San Diego mourns mother, brother of kidnapping victim Hannah Anderson

The memorial service for Christina Anderson and Ethan Anderson begins at Guardian Angels Catholic Church on Saturday Aug. 24, 2013 in Santee, Calif. Howard Lipin / AP

Hundreds of mourners, including family, friends and community members, gathered at a Southern California church on Saturday to remember a mother and 8-year-old boy who were allegedly killed by kidnapping and murder suspect James Lee DiMaggio.

Hannah Anderson, who was allegedly kidnapped after DiMaggio killed her mother Christina and brother Ethan, arrived at the memorial service Saturday with her father, Brett Anderson, in a black SUV. About five hundred people attended the service.

Teammates of Ethan, who played for the Pop Warner Football Lakeside Panthers, came to Guardian Angel Roman Catholic Church in Santee, Calif., wearing their jerseys in honor of their slain friend. Hannah was coach for the cheerleading squad that rooted on Ethan's team.

Bookmarks bearing a photograph of Christina and Ethan and a poem, "To Those I Love and Those Who Love Me," which was read during the service, were distributed to everyone who attended the ceremony.

"I gave to you my love. You can only guess how much you gave to me in happiness," a copy of the poem provided to the media read. "I thank you for the love you each have shown, but now it's time I traveled alone."

Authorities say the mother and son were killed on Aug. 3 by DiMaggio, who then rigged his house to burst into flames and fled with 16-year-old Hannah Anderson. A week-long manhunt culminated with Hannah's rescue and DiMaggio's death in a remote corner of the Idaho wilderness, after the pair were spotted by riders on horseback.

Kidnap victim Hannah Anderson hugs an attendee during a memorial service for her mother Christina Anderson, 44, and her 8-year-old brother Ethan at the Guardian Angels Catholic Church in Santee, California August 24, 2013. Pool / Reuters

A large photograph of Christina and Ethan Anderson, flanked by large floral arrangements, was at the front of the church on Saturday, along with a football.

The ashes of Christina and her son were combined in an urn and carried into the church by a family member. Christina’s uncle, David Braun, the only family member to speak during the service, delivered the eulogy, and described the events as “the very worst tragedy to befall our heritage as a family.”

After the service ended, Hannah and her father were escorted out of the church and away from the media to a reception on site. Braun, who lives in Tampa, Fla., and his brother Alan Braun, of Point Loma, Calif., spoke with the press about their loss, their pain, and their confusion over Christina and Ethan’s deaths. The two Brauns, who are brothers of Christina Anderson's mother, also spoke of their immense gratitude to everyone who was involved in Hannah’s rescue.

“This is a situation where you have a best friend and that is so, so hurtful. It’s not that you can’t trust anybody, but look after your children,” David Braun said. “Watch over them. Don’t leave them to the mercy of just anybody. Apparently, not even a family friend … These were murders. And, because, it was a family friend, it shocked everybody. How do you get over that?”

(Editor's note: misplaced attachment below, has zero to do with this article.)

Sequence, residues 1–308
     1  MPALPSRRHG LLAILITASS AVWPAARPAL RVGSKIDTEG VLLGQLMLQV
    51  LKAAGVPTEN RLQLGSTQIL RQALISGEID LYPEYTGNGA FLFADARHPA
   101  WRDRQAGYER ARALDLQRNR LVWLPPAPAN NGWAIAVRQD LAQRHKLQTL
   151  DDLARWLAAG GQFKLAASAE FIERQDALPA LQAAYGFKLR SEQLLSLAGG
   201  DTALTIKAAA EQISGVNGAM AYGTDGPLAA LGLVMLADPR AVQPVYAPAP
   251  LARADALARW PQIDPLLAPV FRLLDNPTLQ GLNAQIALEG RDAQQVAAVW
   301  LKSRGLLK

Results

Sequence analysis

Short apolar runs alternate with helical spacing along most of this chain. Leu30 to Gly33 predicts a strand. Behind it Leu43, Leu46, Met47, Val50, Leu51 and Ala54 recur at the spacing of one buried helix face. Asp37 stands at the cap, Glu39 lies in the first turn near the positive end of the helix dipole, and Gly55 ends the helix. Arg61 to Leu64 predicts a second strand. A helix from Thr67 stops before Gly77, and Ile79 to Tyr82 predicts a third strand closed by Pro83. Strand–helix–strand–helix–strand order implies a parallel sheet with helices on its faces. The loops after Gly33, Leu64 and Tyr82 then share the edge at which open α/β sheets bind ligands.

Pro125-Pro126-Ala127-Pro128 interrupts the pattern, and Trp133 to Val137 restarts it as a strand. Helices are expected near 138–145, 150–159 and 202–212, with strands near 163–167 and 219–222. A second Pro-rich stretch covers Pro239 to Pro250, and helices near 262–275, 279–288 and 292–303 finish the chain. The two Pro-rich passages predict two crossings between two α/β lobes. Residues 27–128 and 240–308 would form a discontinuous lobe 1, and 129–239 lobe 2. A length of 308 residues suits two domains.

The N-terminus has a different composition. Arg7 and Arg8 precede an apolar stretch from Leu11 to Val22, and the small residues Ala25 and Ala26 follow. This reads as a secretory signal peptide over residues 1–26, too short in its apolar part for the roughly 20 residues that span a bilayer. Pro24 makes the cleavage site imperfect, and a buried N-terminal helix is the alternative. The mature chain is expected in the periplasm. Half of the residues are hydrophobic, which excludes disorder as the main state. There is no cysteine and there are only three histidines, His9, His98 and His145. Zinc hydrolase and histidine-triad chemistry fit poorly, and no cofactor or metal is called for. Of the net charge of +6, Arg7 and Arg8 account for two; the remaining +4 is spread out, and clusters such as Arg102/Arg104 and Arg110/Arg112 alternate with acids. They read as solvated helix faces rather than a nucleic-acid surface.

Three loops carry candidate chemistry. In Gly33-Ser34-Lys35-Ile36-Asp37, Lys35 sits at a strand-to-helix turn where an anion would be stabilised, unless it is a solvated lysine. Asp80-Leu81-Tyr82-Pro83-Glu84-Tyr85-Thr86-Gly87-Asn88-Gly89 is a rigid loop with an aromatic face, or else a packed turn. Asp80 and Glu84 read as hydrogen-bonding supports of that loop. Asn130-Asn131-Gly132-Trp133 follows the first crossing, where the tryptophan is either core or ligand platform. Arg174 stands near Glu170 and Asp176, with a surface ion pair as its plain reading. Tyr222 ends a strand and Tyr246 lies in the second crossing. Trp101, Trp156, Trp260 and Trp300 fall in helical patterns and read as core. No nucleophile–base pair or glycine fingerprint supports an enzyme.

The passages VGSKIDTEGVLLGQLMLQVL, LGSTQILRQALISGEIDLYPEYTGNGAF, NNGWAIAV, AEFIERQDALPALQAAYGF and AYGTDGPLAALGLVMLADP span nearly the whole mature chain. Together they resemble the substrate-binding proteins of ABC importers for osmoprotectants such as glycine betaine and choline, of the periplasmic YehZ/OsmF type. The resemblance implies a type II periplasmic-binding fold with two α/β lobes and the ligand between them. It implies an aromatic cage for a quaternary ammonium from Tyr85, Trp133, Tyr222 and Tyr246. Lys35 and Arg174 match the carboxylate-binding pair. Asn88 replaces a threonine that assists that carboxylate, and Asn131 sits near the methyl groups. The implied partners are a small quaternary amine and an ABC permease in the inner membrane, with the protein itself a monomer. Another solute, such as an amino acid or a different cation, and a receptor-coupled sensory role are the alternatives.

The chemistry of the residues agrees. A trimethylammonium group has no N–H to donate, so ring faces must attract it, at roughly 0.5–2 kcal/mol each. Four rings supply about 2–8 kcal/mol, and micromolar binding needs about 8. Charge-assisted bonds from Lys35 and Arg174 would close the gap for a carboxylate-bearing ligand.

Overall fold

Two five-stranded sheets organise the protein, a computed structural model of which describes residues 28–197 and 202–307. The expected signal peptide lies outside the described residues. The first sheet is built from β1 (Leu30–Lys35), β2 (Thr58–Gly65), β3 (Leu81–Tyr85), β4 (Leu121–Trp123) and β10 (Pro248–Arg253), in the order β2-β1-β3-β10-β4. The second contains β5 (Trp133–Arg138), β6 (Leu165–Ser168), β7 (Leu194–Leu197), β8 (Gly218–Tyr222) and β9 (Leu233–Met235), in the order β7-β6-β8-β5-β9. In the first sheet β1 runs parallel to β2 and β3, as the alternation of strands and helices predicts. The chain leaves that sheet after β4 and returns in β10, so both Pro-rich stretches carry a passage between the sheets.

David Braun said his family, including his 91-year-old mother, is holding up “pretty good.” Hannah has been spending a lot of time with her grandmother, with whom she is very close, he said.

“I think they’re going to be fine,” he said. “We’re concerned now about Hannah and how fine is she going to be, and how she’s going to recover from this, if ever."

The family is still struggling to understand why this happened and are having trouble sleeping, the Braun brothers said.

“We just can’t imagine why,” David Braun said. “There’s some thinking along that lines that maybe this man was terribly infatuated or more with Hannah. And it looks like it was very pre-meditated in my view — when you look at that whole story. I have a lot of questions about that … It’s very surreal. Who would ever imagine the best friend of the family doing something like this? Why did he have to murder Tina and Ethan? That’s my biggest question.”

Alan Braun remembered his niece, Christina, as a little girl who made him grilled cheese sandwiches in the toaster when he was recovering from a car accident in 1974 and staying at his sister’s home.

“She was the nicest person,” he said. “Tina and I were very close. I wish she’d called and asked more favors from me. Maybe this monster wouldn’t have been involved.”

David Braun said he does not know where Hannah will live now, but he’s hoping she will stay with her grandmother, who has helped raise her since she was born. Hannah's parents are separated and her father lives in Tennessee. Although Hannah wanted to focus on saying goodbye to her mother and brother on Saturday and not make public statements, her granduncle said he would not be surprised if the public hears from her soon.

“I’m sure she will say something soon,” he said. “She’s very outspoken, whether that’s good or bad,” he said. “I suppose it’s good for her to get that out and to see this love from the family.”

In an emotional interview earlier this week, Hannah Anderson revealed more about her harrowing ordeal – and broke into tears as she spoke about her mother and brother.

“He had a really big heart,” Anderson said of Ethan in an interview with the TODAY show on Thursday, her first time speaking out in person since her abduction. She will remember her mother for her kindness, too, Anderson said.

“She was strong-hearted and very tough,” Anderson said in the interview. “She knew how to handle things.”

NBC News’ Kate Snow, Matthew DeLuca, Erin McClam, and Tracy Connor contributed to this report.